The exhibition Visions of the Hispanic World: Treasures from the Hispanic Society Museum & Library includes more than 200 exceptional works from the Iberian Peninsula, in the collections of The Hispanic Society of America. A significant number of these works have not been exhibited outside of the Hispanic Society, and some have never before been exhibited.
Spanning more than 3,000 years -- from prehistoric vessels to the works of Spanish Golden Age painter Diego Velásquez to the romantic images of Francisco de Goya, “Visions of the Hispanic World” celebrates the richness and scope of Spanish arts and culture across the centuries.
Notable for the exhibition in Albuquerque, the collection includes a couple of local references: 1) A 1726 map of America features what may be the first cartographic mention of the city of Albuquerque, and 2) the 1498 alabaster tomb of “Doña Mencía Enríquez de Toledo, Duchess of Alburquerque Monasterio de San Francisco” was sculpted in the medieval style of Gil de Siloe, complete with flowing folds of fabric carved in stone.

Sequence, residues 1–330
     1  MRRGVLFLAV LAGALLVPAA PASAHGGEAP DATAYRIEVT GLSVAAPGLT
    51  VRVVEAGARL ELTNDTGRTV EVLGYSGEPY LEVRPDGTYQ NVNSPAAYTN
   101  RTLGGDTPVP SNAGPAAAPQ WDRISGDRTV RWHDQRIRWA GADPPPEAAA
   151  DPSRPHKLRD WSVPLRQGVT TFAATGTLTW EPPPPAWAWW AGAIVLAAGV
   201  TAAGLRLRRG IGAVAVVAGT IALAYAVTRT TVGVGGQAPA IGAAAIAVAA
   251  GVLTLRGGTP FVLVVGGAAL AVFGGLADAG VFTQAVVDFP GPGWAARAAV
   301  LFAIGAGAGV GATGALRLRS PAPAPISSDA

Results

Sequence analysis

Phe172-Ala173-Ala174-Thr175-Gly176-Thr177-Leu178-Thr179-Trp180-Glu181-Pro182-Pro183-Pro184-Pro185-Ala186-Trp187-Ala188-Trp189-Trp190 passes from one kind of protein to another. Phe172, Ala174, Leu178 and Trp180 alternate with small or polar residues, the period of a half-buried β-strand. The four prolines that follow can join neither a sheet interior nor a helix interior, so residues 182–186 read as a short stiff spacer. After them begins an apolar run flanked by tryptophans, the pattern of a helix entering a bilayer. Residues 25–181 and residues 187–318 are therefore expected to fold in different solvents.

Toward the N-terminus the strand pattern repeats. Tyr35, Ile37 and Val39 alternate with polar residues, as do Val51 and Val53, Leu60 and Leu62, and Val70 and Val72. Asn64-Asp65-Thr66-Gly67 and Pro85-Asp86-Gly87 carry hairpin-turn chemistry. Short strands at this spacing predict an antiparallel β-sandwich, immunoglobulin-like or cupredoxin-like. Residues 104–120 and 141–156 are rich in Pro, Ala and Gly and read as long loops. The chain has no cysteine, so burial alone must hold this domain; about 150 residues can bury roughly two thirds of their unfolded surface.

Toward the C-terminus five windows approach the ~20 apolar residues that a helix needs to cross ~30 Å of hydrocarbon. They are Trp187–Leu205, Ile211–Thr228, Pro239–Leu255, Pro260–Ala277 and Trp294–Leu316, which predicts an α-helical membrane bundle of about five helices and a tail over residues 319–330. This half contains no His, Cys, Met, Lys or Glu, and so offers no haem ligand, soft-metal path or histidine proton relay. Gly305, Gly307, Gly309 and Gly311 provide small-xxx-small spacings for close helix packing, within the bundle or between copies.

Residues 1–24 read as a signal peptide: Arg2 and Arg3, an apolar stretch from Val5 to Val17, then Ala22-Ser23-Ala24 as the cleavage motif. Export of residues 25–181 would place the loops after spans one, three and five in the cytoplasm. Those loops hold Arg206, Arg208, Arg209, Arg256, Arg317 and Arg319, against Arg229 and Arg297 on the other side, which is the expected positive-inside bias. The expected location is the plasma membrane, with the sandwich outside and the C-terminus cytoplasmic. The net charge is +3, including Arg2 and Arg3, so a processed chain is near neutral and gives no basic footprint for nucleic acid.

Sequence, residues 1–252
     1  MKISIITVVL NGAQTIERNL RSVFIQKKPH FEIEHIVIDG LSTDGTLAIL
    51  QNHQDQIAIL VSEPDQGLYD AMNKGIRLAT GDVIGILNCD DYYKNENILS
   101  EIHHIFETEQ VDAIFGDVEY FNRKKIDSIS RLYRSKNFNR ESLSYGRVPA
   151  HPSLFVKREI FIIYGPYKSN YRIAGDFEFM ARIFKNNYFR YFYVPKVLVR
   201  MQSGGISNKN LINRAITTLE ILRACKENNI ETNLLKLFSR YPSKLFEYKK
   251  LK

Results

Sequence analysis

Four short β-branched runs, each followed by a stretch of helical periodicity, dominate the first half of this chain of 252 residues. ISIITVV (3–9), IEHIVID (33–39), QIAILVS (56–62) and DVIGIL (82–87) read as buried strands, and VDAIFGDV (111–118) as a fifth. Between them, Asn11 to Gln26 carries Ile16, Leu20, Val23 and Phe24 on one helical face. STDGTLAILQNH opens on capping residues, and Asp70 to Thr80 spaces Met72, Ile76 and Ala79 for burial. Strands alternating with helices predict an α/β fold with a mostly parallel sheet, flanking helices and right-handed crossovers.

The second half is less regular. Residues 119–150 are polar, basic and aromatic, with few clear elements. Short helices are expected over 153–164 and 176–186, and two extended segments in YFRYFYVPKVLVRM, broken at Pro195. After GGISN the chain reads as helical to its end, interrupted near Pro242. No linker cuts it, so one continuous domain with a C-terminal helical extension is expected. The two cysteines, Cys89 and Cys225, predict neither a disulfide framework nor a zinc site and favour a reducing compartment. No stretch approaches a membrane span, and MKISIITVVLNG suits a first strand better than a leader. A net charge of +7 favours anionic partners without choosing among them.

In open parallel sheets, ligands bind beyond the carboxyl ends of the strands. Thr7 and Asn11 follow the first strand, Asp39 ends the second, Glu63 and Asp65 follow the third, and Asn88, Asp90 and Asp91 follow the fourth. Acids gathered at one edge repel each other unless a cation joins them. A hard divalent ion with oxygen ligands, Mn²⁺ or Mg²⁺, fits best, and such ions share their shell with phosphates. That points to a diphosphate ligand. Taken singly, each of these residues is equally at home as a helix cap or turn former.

Previously it was seen at the Prado in Madrid, and the Museo del Palacio de Bellas Artes in Mexico City.
Whether or not you go, The Hispanic Society of America: Tesoros is a comprehensive catalogue and critical study of the Hispenic Society of America's extensive collections. This is a lavishly illustrated and handsomely-printed publication that presents with extensive critical comments and notes the most representative examples of a Spanish art and artifacts collection that has no parallel outside Spain. Text is in both English and Spanish.
Select The Hispanic Society of America: Tesoros to learn more, or to place this book in your Amazon shopping cart. Your Amazon purchase through this link generates a small commission that will help to fund the ArtGeek.art search engine.